prove that

\(\frac{1}{\log_2N}+\frac{1}{\log_3N}+\frac{1}{\log_4N}+\cdots+\frac{1}{\log_{100}N}=\frac{1}{log{100!}N}\)

how many real roots

\(\sin{x}=\log{x}\)

supermanaccz May 26, 2018

#2**+3 **

1.

From the definition of logarithm, we obtain:

\(\frac{1}{log_b{a}}=\log_a{b}\)

The equation can therefore be written in the form:

\(\log_n2+\log_n3+\cdots\log_n100+=\log_n(2\cdot3\cdots100)\)

from which the desired conclusion immediately follows.

2.

https://www.desmos.com/calculator/vp8etonnna

First, if \(\sin{x}=\log{x},\) then \(x\le10\) (inasmuch as \(\sin{x}\le1\).

Since \(2\cdot2\pi>10\), the interval on the x-axis between x = 0 and x = 10 contains one complete period of the sine curve plug part of a second period. The graph of \(\log{x} \) intersects the first wave of the sine curve at precisely one point. Futher, since \(2\Pi+\frac{\Pi}{2}<10\), than at the point \(x=\frac{5\Pi}{2}\), we have \(\sin{x=1}>\log{x}\), which means that the graph of log x intersects the first half of the second positive wave of sin x. Since, at \(x=10, \log{x=1}>\sin{x}, \) the graph intersect this second wave another time. Therefore we conclude that the equation \(\sin{x}=\log{x},\) has exactly three roots.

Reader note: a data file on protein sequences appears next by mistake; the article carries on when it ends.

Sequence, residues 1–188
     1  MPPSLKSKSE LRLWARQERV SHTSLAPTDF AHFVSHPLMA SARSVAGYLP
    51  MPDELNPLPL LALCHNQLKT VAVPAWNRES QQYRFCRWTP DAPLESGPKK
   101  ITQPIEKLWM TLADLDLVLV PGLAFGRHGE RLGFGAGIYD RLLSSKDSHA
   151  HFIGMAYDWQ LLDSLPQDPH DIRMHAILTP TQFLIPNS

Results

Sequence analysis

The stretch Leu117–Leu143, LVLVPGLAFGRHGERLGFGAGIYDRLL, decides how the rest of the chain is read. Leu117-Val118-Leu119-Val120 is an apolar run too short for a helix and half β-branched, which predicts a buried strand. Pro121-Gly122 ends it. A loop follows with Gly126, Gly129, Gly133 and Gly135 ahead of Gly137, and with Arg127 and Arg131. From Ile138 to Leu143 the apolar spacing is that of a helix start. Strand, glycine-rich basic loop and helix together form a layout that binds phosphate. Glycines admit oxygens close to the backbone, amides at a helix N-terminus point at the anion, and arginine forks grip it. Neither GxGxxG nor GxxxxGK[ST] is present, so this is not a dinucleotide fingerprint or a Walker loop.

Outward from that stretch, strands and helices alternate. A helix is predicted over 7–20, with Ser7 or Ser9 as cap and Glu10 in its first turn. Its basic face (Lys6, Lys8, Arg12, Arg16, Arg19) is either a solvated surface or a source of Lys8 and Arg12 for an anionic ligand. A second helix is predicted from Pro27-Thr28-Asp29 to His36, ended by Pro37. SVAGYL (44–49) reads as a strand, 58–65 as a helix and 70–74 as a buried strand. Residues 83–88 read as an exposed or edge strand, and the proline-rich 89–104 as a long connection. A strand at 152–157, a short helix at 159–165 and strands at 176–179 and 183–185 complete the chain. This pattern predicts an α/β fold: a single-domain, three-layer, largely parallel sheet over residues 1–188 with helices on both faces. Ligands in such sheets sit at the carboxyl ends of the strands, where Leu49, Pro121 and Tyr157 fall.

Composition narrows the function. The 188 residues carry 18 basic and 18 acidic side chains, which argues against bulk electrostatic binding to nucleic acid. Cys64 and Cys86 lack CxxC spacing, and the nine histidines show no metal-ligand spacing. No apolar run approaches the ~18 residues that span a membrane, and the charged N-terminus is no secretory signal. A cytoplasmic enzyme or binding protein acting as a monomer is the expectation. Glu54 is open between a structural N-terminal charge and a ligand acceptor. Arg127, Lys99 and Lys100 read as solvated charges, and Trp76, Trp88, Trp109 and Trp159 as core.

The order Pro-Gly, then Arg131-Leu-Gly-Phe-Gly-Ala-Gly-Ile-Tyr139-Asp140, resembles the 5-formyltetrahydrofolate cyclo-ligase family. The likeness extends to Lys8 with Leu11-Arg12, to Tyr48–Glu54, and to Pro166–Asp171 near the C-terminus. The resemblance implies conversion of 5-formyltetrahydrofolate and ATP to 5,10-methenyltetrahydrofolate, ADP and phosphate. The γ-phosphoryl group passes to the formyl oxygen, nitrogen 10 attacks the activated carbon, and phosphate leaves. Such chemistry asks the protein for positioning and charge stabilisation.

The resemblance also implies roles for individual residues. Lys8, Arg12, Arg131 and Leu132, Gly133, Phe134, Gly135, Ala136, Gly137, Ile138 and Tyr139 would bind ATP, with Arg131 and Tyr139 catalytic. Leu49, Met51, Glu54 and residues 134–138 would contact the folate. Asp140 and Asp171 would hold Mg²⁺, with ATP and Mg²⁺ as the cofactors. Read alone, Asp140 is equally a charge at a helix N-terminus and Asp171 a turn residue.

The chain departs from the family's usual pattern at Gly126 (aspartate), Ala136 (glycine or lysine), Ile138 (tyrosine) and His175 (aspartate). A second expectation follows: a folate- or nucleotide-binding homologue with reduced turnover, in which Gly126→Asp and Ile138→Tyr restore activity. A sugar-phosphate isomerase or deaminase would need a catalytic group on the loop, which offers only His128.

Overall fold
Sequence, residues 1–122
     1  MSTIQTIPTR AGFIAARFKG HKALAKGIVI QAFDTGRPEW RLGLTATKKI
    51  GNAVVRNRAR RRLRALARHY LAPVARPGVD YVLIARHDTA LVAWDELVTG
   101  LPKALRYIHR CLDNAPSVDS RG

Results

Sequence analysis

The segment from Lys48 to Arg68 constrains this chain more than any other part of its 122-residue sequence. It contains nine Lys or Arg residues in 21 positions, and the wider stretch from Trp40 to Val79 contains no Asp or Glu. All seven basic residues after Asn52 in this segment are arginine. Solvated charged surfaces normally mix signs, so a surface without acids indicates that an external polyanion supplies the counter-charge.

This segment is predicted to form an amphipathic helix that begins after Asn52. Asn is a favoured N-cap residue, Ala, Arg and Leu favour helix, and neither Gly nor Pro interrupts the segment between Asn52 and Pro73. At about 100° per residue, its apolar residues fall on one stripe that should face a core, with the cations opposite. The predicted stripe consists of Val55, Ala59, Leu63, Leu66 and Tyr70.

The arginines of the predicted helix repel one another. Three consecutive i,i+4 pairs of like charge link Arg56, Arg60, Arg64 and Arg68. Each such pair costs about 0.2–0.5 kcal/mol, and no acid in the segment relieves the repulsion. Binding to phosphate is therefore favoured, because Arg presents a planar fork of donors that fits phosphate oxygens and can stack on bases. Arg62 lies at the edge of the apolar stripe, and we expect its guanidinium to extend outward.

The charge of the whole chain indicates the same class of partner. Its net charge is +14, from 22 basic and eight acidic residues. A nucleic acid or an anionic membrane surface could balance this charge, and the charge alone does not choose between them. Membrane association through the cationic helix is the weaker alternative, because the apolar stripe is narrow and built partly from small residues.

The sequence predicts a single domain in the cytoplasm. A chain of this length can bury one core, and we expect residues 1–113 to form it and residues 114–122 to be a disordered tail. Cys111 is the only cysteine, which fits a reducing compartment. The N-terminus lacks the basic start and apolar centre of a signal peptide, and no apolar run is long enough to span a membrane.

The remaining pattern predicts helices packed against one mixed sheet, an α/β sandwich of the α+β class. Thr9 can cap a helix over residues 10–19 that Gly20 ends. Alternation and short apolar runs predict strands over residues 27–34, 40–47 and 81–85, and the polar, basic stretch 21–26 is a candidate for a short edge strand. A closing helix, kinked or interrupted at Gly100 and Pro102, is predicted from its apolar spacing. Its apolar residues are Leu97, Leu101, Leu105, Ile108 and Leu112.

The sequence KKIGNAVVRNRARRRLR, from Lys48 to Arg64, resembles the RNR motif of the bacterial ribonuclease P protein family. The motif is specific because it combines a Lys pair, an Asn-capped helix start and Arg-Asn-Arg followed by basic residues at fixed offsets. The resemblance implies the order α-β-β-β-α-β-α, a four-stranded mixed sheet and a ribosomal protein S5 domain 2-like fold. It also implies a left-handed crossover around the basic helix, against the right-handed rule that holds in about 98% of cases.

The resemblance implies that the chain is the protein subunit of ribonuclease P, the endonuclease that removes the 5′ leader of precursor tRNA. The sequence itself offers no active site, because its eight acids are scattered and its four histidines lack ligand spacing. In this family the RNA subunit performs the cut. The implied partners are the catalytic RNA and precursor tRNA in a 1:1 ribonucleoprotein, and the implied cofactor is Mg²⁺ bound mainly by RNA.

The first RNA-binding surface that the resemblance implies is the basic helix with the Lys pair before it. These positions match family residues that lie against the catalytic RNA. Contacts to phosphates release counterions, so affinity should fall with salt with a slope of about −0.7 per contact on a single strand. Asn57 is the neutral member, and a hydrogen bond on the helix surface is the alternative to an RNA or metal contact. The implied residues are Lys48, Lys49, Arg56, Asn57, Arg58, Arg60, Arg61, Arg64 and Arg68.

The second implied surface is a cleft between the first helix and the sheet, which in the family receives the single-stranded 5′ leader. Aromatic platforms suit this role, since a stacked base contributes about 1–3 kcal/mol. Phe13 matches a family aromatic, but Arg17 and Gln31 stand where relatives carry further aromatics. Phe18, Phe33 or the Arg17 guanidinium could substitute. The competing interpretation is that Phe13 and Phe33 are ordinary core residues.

Wow! I haven't done these in SO long! Thanks for bringing me back to the more beautiful realm of mathematics.

I hope this helped,

Gavin

GYanggg May 26, 2018

#6**+1 **

Suppermanaccz,

It is good that you have stated that you do not understand.

BUT

You have not even said which answer you do not understand. There are 2 different question!

You need to say WHAT question and also try to say where you get lost.

If you do not understand the first line then say so.

If you do understand the first line then tell GYanggg what you do not understand!

Melody
May 27, 2018